"Zacchaeus couldn't see the Master because he was little," the pope said. "Even today we can risk not getting close to Jesus because we don't feel big enough, because we don't think ourselves worthy. This is a great temptation. We have been created in God's own image. Jesus has taken us upon Himself our humanity and His heart will never be separated from us; the Holy Spirit wants to dwell within us. We have been called to be happy forever with God!

The pope said people often aim lower than they should because they do not believe they have the support of Jesus. "He believes in us even more than we believe in ourselves. He is always cheering us on," Pope Francis said. Unlike humans, who can let disappointment and depression weigh on them, God is "hopelessly hopeful!"

The Mass closed out nearly a week of catechesis with bishops and cardinals, prayer opportunities, a panel discussion on religious freedom, and festivals with performances big names in Christian music like Matt Maher, Audrey Assad and Tony Melendez, held in Krakow's Tauron Arena.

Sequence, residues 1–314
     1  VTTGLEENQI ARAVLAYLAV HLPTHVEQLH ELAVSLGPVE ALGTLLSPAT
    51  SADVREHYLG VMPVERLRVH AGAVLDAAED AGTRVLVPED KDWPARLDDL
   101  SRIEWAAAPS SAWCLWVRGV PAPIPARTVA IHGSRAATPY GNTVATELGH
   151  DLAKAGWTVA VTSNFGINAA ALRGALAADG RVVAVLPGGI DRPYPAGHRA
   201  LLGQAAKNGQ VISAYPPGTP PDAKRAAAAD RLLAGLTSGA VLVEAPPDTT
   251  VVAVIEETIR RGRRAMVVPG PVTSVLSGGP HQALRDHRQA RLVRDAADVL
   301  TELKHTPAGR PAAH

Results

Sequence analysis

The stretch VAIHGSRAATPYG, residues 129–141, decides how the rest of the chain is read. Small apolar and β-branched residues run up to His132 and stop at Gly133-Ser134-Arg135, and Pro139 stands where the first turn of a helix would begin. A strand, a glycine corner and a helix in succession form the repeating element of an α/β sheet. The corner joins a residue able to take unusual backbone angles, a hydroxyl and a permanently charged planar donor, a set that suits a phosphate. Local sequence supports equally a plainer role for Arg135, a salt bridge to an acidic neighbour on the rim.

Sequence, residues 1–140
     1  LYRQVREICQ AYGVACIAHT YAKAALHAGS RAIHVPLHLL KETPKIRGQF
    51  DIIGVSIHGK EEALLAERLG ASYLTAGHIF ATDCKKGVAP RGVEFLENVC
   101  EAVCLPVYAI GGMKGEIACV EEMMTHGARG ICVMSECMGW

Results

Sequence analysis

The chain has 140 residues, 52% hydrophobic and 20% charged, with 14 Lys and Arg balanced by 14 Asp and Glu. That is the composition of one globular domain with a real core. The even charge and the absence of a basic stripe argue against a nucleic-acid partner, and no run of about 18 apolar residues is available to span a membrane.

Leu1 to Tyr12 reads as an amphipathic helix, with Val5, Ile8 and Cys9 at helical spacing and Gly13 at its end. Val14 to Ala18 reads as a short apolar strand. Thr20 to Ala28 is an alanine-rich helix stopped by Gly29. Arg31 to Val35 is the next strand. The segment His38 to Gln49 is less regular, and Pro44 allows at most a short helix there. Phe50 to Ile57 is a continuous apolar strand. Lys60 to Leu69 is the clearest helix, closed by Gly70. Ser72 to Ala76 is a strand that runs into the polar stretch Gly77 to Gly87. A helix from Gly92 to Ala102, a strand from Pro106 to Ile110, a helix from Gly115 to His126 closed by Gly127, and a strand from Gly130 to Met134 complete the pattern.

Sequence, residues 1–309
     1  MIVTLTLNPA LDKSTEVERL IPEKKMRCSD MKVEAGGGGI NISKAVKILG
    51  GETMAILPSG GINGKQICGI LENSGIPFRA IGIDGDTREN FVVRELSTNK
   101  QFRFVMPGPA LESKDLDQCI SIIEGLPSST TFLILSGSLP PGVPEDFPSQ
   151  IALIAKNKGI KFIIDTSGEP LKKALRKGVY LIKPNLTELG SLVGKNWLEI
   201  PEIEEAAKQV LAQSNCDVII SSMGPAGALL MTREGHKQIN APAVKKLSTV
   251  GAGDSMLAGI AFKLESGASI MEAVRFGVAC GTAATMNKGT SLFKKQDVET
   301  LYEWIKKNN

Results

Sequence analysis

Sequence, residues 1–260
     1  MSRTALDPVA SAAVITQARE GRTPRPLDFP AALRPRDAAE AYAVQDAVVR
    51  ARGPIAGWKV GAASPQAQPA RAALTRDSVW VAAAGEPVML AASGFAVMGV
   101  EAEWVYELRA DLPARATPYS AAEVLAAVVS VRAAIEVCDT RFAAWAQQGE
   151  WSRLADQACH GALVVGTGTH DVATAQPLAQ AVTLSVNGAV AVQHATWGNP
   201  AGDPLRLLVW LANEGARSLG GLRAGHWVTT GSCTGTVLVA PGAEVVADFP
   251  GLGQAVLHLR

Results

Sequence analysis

Francis Beock, 18, from St. Amelia Parish in Tonawanda, enjoyed the daily catechesis sessions that took place in the days leading up to the vigil. Cardinal Timothy Dolan from New York City, Cardinal Sean Patrick O'Malley from Boston and a bishop from the Philippines led the sessions for the Buffalo group.

"They were really able to talk to the young Church and bring in down to our level in a sense. There are a lot of witnesses and a lot of stories, especially about the persecution of the Church, that, I have to admit, brought me to tears. It was very life changing in the arena. The vigil itself is once in a lifetime. I think there are no words to describe it," he said.

World Youth Day, which actually lasts just under a week, is often said to be a life-changing experience. Although people cite Mass with the pope or travel to a foreign country as a reason for going, it is often the smaller prayer moments that have a lasting effect.

 "I expected to have a great time and hoping for a amazing experience," said Greg Smith, 27, communications director from St. Gregory the Great Parish in Williamsville. "I had no idea what that experience would be, I was just hoping somehow my life would change. That truly did change. It was when I went through adoration with all the other Americans at the arena, the opening Mass when everyone was singing a song called, 'This Christ is my Life.' I really felt the ultimate happiness, the ultimate calmness in my soul. It's one of those things that is tough to explain to people who are at home and not here. I don't know what I was searching for, but whatever I was searching for I found when I was here."